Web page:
Students entering this program are also required to have successfully completed at least 30 (semester) credit hours in some combination of engineering, physics, chemistry, geology, biology, pharmaceutical sciences and mathematics. Specifically, students must have successfully completed coursework equivalent to ISU MATH 160 (Brief Calculus) and ISU CHEM 111/112 (General Chemistry) with grades of "C" or better. Students may be accepted conditionally based on their willingness to complete one or two missing courses as deficiencies, if all other admissions requirements are satisfied. Conditional acceptance is the prerogative of individual departments/colleges.
Students must also obtain admission from two academic disciplines. Admission requirements vary between academic units, and there may be departmental requirements beyond those of the Office of Graduate Studies which the student must fulfill to gain departmental admission.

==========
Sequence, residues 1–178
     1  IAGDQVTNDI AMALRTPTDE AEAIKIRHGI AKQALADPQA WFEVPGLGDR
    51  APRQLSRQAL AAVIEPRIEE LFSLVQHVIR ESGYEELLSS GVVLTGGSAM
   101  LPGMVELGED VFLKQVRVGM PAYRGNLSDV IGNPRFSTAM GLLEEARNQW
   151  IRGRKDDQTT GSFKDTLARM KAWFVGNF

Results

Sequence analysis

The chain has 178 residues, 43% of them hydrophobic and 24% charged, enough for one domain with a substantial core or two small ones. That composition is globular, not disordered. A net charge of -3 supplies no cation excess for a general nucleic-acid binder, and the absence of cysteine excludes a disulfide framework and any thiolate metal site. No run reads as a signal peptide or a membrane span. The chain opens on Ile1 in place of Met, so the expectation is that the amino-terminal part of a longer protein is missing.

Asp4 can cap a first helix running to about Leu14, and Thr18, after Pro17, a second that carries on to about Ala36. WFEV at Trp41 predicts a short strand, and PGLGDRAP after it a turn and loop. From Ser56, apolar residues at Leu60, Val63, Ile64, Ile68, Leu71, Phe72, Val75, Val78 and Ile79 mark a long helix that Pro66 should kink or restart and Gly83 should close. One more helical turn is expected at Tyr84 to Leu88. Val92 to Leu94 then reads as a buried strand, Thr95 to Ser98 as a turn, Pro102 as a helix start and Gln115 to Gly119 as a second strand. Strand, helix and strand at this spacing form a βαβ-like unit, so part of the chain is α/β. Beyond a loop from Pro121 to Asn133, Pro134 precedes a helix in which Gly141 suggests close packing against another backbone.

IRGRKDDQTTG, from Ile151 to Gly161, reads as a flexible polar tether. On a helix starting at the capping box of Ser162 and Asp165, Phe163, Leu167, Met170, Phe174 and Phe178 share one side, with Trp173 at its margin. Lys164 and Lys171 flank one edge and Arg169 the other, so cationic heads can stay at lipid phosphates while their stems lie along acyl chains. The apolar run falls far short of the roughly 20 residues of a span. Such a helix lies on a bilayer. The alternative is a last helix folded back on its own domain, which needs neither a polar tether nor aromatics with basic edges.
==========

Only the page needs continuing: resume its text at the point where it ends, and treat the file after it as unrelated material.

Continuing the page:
Within the framework of the basic degree requirements, an advisory committee is chosen to work with the student to create an individualized program of study. The advisory committee consists of two ISU faculty advisors, one from each of the two chosen academic units. The faculty member in the primary academic unit acts as the student's major advisor and provides direction to the student regarding all relevant aspects of the program. The committee should assist the student in selecting courses appropriate for the program of study. An initial program of study must be developed and submitted to the Waste Management and Environmental Science Council (WMES) for approval no later than the second semester of enrollment. Changes in the initial program may be made with the approval of the major advisor. The final program of study is submitted to the HWM Council for graduation clearance.